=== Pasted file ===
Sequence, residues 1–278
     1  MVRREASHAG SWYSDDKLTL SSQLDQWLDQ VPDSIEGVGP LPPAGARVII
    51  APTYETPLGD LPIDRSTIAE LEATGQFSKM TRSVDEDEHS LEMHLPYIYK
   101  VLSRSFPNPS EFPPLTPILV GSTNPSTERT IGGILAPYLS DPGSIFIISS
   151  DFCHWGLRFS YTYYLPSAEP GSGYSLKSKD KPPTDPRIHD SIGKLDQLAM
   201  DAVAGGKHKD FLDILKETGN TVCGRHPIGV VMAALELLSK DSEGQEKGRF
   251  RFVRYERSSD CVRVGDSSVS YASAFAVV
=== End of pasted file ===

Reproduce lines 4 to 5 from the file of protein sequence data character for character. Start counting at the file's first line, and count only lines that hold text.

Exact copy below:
   101  VLSRSFPNPS EFPPLTPILV GSTNPSTERT IGGILAPYLS DPGSIFIISS
   151  DFCHWGLRFS YTYYLPSAEP GSGYSLKSKD KPPTDPRIHD SIGKLDQLAM